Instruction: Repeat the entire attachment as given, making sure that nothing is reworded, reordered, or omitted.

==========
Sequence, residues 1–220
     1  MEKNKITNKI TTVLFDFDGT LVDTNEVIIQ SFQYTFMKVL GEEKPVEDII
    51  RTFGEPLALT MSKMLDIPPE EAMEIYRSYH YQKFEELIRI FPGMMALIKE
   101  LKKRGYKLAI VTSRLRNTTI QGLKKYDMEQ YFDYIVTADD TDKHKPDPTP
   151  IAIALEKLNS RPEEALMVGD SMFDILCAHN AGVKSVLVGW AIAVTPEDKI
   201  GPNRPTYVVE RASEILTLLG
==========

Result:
Sequence, residues 1–220
     1  MEKNKITNKI TTVLFDFDGT LVDTNEVIIQ SFQYTFMKVL GEEKPVEDII
    51  RTFGEPLALT MSKMLDIPPE EAMEIYRSYH YQKFEELIRI FPGMMALIKE
   101  LKKRGYKLAI VTSRLRNTTI QGLKKYDMEQ YFDYIVTADD TDKHKPDPTP
   151  IAIALEKLNS RPEEALMVGD SMFDILCAHN AGVKSVLVGW AIAVTPEDKI
   201  GPNRPTYVVE RASEILTLLG